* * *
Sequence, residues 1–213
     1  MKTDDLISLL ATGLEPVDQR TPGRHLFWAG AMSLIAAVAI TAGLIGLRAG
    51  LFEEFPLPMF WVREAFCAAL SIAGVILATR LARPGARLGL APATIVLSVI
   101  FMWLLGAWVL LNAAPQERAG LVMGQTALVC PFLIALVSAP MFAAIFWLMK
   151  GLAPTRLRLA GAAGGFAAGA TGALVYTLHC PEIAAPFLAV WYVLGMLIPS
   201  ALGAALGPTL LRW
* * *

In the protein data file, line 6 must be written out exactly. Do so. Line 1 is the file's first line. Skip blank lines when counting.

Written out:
   201  ALGAALGPTL LRW